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  21. In a world where perfection is the highest (and unattainable) goal, it's nice to know it doesn't have to be so in the writing arena. Got enough other stuff to grapple with there as it is. :)

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  22. Great point about the opening of a novel. Even after a writer gets an agent, the first thing an editor sees is still only the first few chapters attached to the proposal. No matter how good the rest of the novel is, the opening has to be striking enough to get that full manuscript request from an editor.

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  23. Thanks for this post of really good points! I particularly liked #4, a reminder to create scenes worthy of a movie. You are doing a great job on this blog. I hope your revisions go well for you.

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  24. Excellent thoughts/points. I "see" my stories as movies in my head, so that's the way I try to write them. It really does seem like people don't want the flowery, descriptive language anymore - they just want the framework, and can run with that in their own minds.

    Sounds like your editor really connected with your writing style and characters, even though she did ask for major changes. It seems like one of the most important points you touch on is being aware of what readers want now, and giving it to them. And your editor obviously believes you can do that. :-)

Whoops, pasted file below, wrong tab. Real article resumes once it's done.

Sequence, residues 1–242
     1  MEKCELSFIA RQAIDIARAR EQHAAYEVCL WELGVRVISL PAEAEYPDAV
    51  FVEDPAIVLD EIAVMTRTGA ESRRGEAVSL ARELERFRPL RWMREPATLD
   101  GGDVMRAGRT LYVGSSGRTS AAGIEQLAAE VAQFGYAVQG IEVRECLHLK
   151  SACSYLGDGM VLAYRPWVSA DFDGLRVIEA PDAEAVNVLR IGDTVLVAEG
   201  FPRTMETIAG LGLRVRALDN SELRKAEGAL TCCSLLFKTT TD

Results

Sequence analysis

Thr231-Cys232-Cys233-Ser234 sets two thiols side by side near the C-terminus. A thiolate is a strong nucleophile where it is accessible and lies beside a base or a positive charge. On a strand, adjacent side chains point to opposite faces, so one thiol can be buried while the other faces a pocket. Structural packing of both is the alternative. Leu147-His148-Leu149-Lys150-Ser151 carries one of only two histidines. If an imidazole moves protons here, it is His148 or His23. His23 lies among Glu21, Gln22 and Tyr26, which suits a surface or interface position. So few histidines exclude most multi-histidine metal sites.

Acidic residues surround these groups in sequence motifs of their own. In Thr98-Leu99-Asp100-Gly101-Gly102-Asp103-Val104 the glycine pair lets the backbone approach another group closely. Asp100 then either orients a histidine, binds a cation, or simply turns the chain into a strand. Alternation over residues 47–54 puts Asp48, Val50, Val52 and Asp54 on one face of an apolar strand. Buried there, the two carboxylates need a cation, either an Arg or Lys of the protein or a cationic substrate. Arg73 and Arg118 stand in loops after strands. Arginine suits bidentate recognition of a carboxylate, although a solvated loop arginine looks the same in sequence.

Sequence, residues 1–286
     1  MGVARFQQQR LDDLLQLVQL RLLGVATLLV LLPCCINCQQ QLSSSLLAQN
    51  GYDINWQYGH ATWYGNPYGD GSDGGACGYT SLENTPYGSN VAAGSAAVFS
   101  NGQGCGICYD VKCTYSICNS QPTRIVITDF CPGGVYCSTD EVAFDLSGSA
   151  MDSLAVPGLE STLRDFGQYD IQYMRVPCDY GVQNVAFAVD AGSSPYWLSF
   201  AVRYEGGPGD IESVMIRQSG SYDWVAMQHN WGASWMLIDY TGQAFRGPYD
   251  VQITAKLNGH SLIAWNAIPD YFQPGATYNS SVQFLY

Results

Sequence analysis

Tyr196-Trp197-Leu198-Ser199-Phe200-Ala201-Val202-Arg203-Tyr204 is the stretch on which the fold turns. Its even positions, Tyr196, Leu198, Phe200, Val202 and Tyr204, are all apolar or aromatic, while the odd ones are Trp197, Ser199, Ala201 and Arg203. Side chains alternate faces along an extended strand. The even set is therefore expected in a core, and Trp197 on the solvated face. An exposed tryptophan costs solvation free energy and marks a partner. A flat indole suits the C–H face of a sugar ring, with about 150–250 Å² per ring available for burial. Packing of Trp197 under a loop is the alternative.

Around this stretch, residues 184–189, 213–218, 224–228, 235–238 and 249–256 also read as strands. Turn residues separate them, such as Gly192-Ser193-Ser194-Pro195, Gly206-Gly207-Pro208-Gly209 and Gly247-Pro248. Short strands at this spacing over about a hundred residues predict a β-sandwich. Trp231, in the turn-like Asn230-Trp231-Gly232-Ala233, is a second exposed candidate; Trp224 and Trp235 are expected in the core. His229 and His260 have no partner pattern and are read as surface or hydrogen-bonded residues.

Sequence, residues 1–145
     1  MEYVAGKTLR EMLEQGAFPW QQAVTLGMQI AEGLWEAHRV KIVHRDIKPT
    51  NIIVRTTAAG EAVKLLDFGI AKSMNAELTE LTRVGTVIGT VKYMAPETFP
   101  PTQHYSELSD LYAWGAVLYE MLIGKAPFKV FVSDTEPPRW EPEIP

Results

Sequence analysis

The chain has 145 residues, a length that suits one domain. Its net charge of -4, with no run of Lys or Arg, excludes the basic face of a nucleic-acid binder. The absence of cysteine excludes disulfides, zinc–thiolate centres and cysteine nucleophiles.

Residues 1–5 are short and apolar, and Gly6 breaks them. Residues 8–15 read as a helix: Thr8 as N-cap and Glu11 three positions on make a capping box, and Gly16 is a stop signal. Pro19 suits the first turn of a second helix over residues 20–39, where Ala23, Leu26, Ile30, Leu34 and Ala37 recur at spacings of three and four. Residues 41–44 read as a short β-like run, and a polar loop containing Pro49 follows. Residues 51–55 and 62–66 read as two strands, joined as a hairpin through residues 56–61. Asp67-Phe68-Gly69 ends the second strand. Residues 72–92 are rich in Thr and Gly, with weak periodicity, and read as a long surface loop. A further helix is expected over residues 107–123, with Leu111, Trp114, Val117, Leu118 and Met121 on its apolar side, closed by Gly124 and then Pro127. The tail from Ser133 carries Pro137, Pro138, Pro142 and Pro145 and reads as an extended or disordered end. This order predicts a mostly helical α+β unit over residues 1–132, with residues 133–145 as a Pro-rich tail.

Based on your blog voice, I dare say your book will be quite a treat...

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  25. I love how you turned a "negative" blow into a positive charge.

    The only other thing I can think of is if God wants to sell a book, it WILL sell--in His way and in His time.

    You inspire and encourage me.

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  26. Some great things to think about. I find Chapter 1 the hardest to write.

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  27. Thanks for the list, Jody. Very timely since I'm preparing to begin a new manuscript. I think my biggest challenge is going to be with the first chapter and writing it so it draws in readers. I'm trying to get past the whole backstory thing, though there is much the reader will need to know about my MC to really get who she is.

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  28. Jody, I couldn't help but notice how much longer the list of "likes" was than the the few "dislikes" they wanted to change. You are doing something right and teaching us all in the process. Thank you.

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  29. That is a great list! I think those things are most important. Thanks for sharing your editor's feedback.

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  30. What a great list. There is a lot to writing isn't there? I am so loving that you are walking us through this process. I know that all of us hope to be where you are, sooner, rather than later.
    Diane

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  31. I think your list is right on! So funny about Little Women-- I tried rereading it a few months ago and it drove me nuts! I gave up! It was written in so many ways we are told not to!